Monday, December 12, 2005

New NBC show 'Book of Daniel'?

It seems that the world will do anything to try to destroy the testimony of the Bible as God's Word. This is yet another attempt to blaspheme the name of Jesus Christ and try to turn the BIble into fairy tales.

New NBC show stars Jesus, pill-popping priest
WORLDNETDAILY - December 11, 2005
- NBC has begun promoting a new weekly show in January that centers around a troubled, pill-popping Episcopal priest played by veteran actor Aidan Quinn, who talks with a manifestation of Jesus, played by Garret Dillahunt.
"The Book of Daniel" is being touted as the riskiest new show of the year. It is also billed as the only show on television in which Jesus appears as a recurring character.

It's a drama with comedic aspects and is being kicked off Jan. 6 with back-to-back episodes. It is scheduled to air regularly Friday nights at 9 p.m. The cast also includes Ellen Burstyn and Susanna Thompson.

As NBC itself explains the show, it focuses on "an Episcopalian minister and father. He finds himself conversing with Jesus -- his mentor and friend -- who helps navigate family problems, church politics and even his nagging reliance on prescription painkillers."
Comedienne Phyllis Diller plays a member of Daniel Webster's flock.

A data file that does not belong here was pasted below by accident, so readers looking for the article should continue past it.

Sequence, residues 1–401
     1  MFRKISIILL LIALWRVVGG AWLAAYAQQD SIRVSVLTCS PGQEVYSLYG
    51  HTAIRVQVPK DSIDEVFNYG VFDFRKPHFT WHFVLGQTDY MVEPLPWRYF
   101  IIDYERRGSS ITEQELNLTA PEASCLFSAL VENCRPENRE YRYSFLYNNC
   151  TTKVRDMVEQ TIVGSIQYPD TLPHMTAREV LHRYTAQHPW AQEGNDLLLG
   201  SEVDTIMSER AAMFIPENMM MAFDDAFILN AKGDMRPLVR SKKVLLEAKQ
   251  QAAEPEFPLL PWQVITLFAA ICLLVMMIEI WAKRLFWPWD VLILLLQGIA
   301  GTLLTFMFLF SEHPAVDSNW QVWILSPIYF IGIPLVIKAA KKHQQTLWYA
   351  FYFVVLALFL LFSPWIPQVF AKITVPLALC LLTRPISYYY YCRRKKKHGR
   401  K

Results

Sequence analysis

NBC executives have been excited about "The Book of Daniel" ...

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Updated - January 24, 2006
NBC Drops 'Book of Daniel' From Schedule
ASSOCIATED PRESS - January 24, 2006

- The last chapter of the controversial religious drama "The Book of Daniel" has been written at NBC. Although the network stopped short of saying the low-rated show was canceled, a spokeswoman said Tuesday it has been dropped from the schedule.

The series, which starred Aidan Quinn as an Episcopalian priest with a pill habit who holds regular conversations with Jesus, has a promiscuous son and a daughter who deals marijuana, proved better at drawing criticism than viewers.

Conservative Christian groups condemned the depiction of Jesus as blasphemous, accusing the writers of portraying Christ as tolerant of sin in talks with the priest. Seven NBC affiliates refused to air it.

"The Book of Daniel" drew an audience of 6.9 million on its first night. By its fourth airing, the number had dipped to 5.8 million viewers.

NBC's move was lauded by the Tupelo, Miss.-based American Family Association, which had condemned the show as a sign of what it called the broadcaster's "anti-Christian bigotry."
The group, along with James Dobson's Focus on the Family, asked supporters to lobby their local NBC affiliates to refuse to carry it. In an article posted on its Web site, the AFA credited viewer complaints for forcing the network's hand.

"This shows the average American that he doesn't have to simply sit back and take the trash being offered on TV, but he can get involved and fight back with his pocketbook," "AFA founder and chairman Donald E. Wildmon said in the posting.

The network had no comment on the statement.
The show's creator and executive producer, Jack Kenny, has said his goal was to depict how "humor and grace" help a flawed man struggle with his faith and family. He said the writers never meant to mock religion or Jesus.